During this week's Nintendo Direct, it was revealed that the Switch Online service will be expanding its offerings even further to include titles from the company's first 3D console. Many N64 classics like Ocarina of Time, Mario Kart 64, and Banjo Kazooie were revealed for the service, but we couldn't help but notice that a few of our favourites from the platform were missing. Here are nine titles that we hope that Nintendo adds in the near future:
Blast Corps (1997)
Rare is pretty much responsible for more N64 classics than anyone else and with Banjo Kazooie already confirmed for the service, we know it's possible we will be seeing even more of its titles. Blast Corps is just some straight-up chaotic fun, as it tasks you with demolishing anything that stands in the path of a truck loaded with nuclear missiles. Sending buildings toppling to the ground with its 12 unique vehicles is highly addictive and there is always a sense of damager present, as you and your surroundings will be blown into many tiny pieces if you don't act quick enough.
Pokémon Stadium (1999)
Pokémon Stadium is an absolute must for the service, as it is such an important part of the franchise's history. When it was released back in 1999, it enabled players to see their creatures on their TV in 3D for the first time and it rather impressively featured integration with the Game Boy. Sure, it may look pretty primitive compared to today's standards and the Game Boy support obviously will not be present (unless Nintendo later adds Game Boy titles), but it would be great to explore this 3D counterpart to the first generation once more.
Turok 2: Seeds of Evil (1998)
Okay, so Turok 2 might already be on the Nintendo Switch, but so is Super Mario 64 (within the 3D All-Stars Collection) and that still made its way onto the service. Not only is Turok 2 a solid shooter, but it's arguably the greatest in the series, and it's one of the few mature-rated titles for the console. With its diverse selection of weapons and its many razor-toothed dino foes, the action in Seeds of Evil just stands out on the platform and its visuals really push the hardware to its breaking point.
GoldenEye 007 (1997)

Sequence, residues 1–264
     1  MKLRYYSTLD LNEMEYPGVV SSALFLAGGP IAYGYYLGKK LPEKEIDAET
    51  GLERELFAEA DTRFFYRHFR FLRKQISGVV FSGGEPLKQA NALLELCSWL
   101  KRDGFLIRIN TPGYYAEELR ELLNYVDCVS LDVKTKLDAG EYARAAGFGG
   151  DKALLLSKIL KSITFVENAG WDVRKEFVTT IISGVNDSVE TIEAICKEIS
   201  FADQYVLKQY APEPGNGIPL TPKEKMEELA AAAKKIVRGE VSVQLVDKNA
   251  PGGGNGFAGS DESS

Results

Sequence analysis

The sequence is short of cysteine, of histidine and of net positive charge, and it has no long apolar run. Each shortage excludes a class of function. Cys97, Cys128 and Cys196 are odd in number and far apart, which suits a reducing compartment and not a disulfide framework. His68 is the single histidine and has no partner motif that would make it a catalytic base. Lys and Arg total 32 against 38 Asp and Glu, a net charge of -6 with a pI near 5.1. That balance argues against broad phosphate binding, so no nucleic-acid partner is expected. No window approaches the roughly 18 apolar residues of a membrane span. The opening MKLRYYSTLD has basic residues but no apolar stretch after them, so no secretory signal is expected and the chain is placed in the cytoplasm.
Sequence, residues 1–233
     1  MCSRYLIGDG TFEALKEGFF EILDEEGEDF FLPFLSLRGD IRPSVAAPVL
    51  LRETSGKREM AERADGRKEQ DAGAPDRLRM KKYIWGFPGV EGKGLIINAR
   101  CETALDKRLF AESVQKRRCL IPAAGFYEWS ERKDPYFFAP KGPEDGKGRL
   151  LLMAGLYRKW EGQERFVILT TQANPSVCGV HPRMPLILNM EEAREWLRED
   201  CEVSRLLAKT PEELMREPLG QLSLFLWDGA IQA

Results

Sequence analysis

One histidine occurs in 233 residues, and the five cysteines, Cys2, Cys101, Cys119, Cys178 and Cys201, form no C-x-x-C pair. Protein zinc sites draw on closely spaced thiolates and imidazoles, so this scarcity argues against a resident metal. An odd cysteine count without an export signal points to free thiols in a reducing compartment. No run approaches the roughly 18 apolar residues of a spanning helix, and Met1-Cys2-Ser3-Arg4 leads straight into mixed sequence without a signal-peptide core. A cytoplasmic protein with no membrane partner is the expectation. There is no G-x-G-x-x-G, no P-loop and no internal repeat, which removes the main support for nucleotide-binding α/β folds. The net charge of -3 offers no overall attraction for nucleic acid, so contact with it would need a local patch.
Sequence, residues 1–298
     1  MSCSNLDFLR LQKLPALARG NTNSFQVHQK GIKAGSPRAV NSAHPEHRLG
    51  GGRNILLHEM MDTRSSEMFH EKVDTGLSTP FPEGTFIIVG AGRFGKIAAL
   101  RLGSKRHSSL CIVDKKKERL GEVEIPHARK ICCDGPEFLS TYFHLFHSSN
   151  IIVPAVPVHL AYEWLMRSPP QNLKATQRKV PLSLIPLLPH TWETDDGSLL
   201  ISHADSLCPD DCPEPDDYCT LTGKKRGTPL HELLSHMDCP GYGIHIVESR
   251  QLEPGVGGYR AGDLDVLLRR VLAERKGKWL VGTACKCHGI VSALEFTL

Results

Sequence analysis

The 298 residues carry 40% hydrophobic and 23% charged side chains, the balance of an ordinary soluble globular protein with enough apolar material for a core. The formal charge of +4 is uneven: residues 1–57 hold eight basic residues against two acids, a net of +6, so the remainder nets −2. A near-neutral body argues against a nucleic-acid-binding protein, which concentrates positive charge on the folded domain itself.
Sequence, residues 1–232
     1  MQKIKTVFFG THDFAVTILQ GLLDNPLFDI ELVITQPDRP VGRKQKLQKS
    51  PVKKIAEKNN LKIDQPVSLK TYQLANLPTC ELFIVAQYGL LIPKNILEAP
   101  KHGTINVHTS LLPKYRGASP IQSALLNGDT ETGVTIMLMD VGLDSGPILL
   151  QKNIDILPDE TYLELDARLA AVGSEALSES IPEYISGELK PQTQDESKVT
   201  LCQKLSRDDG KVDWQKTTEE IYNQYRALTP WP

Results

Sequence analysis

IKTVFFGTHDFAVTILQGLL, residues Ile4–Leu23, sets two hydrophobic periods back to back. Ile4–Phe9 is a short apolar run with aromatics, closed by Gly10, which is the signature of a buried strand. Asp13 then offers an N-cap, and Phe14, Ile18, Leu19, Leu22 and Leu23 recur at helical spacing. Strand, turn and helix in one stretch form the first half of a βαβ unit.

When it launched back in 1997, GoldenEye 007 pretty much revolutionised local multiplayer in shooters, and its still regarded as one of the greatest licensed games of all time. Licensing for this one may present some difficulties (it wasn't included within the Rare Replay collection, after all), but we can't help but think how incredible it would be if it came to the service with online support for its acclaimed multiplayer. This is something that Nintendo has done for its NES and SNES titles, so we are praying it could become a reality.
Diddy Kong Racing (1997)
The fact that Diddy Kong Racing, Blast Corps, and GoldenEye launched in the same year just shows how much Rare was on a roll back in the late 1990s. Sure, arguably the greatest kart racer for the platform has already been announced for the service, but Diddy Kong Racing is still more than worthy of a spot here. Unlike Mario Kart, the game feature three different vehicle types (planes, hovercrafts, and cars) and who can forget the characters it introduced such as Drumstick the chicken and T.T. the walking clock. Okay, that last part was a joke, but this is still a solid racer that is bursting at it seams with personality.
Doom 64 (1997)
Don't let the name fool you here. Whilst the original Doom has been ported to pretty much every platform in existence, Doom 64 is a different beast entirely. Doom 64 is perhaps one of the most overlooked entries in the series, mainly because it was released on a console that was primarily targeted to a younger audience. With Doom titles proving to be really popular on the Nintendo Switch as late, it will be great if it was added to the service so it can finally receive the recognition that it truly deserves.
Mario Party 2 (1999)
With Mario Party Superstars releasing right around the corner, Mario Party 2 seems like a no-brainer to add to the service. This 1999 sequel is regarded as one of the best entries in the series and it's just one of those games that has endless replayability. Sure, Superstars does feature two of the game's boards and some of its most beloved mini-games such as Hot Rope Jump and Bumper Balls, but it doesn't contain everything and nothing replicates the feeling of going back and re-experiencing the original.
Hydro Thunder (2000)
They just don't make arcade racers like they used to, do they? Hydro Thunder can pretty much be described as Wipeout on the water, as it sees you race at blisteringly fast speeds using rocket-powered speedboats. Originally released in arcades, it eventually made its way to the N64 in 2000 and it was one of the latest titles to be released for the system in Europe. Sure, it might not be one of the games you think of when it comes to the N64, but it's still a fun throwback to a sub-genre that has largely been lost to time.
Super Smash Bros. (1999)
One of Nintendo's largest franchises that has its roots on the N64 is Super Smash Bros. It might be the least packed complete entry, but it got so much right out of the gate and provided an excellent template for what was to come in the future. Its combat is simple to grasp with plenty of depth lurking under the surface and its cast of characters includes some of Nintendo's most iconic mascots. Purchasing even a loose copy of this one can cost a ludicrous amount, so this would certainly make for the best way to play.
Those were just some of our top picks, be sure to let us know in the comments whether we missed any of your favourite N64 titles.